Full Text Available Purpose: Hepatoprotective potentials of Jussiaea nervosa leaf extract against Cadmium-induced hepatotoxicity were investigated. Methods: Forty albino rats were randomly assigned into groups A-G with 4 rats in each of the groups A-F. Group A served as control and were given feed only while rats in groups B-F were orally exposed to varying concentrations of cadmium for six weeks. Effects of cadmium were most significant at 12 mg/Kg body weight (BW, and this dose was used for subsequent test involving oral administration of Jussiaea nervosa leaf extracts. In this segment, group G (n= 16 was sub-divided into four: G1-G4, with each sub-group containing four rats. Rats in sub-group G1 were given cadmium and feed only and served as positive control. Rats in sub-groups G2, G3, and G4 were given cadmium and 20, 50 and 100g/kg BW of Jussiaea nervosa extract, respectively, for six weeks. Blood and liver were analysed using standard laboratory techniques and methods. Results: Liver function parameters (ALT, AST, ALP, bilirubin were significantly (p<0.05 elevated in exposed rats in comparison to the controls, except for total protein and albumin, which were significantly decreased. Histopathological assessment reveals renal pathology in exposed rats in sharp contrast with the controls. Jussiaea nervosa extract however lowered the values of liver function parameters with 100mg/Kg BW dose producing the highest ameliorative effects. Similarly, the serum albumin and total protein significantly (p<0.05 improved with normal liver architecture. Conclusion: The results show the hepatoprotective potentials of Jussiaea nervosa extract against Cd toxicity.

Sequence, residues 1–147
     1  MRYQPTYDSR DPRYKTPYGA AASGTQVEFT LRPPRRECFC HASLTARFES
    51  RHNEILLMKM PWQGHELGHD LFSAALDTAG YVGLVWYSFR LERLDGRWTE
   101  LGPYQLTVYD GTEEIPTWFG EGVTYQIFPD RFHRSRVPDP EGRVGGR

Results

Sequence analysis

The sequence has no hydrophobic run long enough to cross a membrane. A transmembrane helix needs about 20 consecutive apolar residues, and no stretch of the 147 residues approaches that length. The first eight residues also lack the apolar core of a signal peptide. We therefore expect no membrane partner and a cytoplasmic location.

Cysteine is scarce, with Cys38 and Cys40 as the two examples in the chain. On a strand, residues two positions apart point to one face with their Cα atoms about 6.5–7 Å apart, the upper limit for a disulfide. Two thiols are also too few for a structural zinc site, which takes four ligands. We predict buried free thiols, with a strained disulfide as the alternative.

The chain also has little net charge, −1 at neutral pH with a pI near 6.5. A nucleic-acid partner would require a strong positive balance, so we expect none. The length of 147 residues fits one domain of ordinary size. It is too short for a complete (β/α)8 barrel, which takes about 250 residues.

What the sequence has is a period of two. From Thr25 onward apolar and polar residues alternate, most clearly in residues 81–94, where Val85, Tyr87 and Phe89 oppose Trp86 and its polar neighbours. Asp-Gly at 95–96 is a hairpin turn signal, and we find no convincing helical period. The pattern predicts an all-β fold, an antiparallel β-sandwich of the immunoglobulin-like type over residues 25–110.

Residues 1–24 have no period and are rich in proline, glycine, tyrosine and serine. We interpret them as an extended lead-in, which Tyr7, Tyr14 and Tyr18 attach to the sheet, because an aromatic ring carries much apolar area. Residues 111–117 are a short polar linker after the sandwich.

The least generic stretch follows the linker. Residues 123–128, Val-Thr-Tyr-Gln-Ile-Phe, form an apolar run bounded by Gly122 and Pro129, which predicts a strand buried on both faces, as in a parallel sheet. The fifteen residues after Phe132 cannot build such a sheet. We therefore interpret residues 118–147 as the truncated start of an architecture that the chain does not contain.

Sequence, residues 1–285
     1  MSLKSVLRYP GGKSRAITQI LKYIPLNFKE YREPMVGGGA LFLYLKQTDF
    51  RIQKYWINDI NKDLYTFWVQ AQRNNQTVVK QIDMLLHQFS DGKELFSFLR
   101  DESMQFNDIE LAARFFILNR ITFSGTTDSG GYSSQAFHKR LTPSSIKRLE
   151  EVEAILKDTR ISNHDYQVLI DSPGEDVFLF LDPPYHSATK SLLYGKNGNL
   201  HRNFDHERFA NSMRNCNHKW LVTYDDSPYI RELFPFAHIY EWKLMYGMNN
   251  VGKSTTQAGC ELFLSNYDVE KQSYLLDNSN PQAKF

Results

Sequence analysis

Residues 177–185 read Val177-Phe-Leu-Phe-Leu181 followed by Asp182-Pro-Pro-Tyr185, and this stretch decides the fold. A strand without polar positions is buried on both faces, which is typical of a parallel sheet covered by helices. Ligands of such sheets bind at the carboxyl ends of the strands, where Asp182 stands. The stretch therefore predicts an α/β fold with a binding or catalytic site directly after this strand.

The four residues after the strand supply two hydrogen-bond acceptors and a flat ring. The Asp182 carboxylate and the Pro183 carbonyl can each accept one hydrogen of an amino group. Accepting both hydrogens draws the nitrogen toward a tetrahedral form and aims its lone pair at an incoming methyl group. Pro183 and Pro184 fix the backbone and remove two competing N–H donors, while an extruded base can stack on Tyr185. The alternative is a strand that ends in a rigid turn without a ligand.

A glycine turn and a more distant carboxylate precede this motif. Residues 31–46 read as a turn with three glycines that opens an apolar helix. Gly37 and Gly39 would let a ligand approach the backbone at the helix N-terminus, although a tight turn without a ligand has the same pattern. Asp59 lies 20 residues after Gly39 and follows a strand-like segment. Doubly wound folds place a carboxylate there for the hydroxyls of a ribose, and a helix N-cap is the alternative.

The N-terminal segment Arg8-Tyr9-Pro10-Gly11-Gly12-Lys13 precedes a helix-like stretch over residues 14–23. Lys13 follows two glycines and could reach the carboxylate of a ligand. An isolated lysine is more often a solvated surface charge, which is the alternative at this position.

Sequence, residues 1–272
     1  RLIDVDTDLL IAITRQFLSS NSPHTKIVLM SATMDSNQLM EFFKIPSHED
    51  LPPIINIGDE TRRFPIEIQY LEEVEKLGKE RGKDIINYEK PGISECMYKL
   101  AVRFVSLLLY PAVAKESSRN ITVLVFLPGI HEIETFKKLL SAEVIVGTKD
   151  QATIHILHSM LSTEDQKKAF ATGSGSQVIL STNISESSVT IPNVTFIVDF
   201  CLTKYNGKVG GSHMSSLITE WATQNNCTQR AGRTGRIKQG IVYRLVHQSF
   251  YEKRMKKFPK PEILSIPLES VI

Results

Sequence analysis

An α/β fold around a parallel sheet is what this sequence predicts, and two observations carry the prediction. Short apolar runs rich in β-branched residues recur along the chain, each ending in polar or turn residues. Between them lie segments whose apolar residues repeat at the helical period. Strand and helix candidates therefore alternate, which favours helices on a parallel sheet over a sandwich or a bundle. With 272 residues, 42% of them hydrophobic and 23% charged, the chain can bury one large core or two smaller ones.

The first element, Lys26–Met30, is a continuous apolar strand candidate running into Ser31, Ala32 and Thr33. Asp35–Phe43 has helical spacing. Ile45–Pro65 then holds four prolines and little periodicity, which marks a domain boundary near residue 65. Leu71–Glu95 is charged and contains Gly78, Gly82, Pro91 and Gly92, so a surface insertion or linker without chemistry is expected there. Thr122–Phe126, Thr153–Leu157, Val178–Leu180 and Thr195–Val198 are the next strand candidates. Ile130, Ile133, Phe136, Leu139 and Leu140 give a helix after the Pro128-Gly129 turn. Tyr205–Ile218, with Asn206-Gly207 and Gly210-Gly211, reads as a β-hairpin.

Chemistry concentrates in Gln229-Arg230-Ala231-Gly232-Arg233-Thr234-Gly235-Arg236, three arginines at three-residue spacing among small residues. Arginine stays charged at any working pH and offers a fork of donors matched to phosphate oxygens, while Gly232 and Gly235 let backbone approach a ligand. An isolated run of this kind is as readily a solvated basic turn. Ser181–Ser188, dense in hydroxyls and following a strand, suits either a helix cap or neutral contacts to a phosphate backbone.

4. Water-Based Automobile Paints Potentially Reduce the Exposure of Refinish Painters to Toxic Metals

    Directory of Open Access Journals (Sweden)

    Der-Jen Hsu

    2018-05-01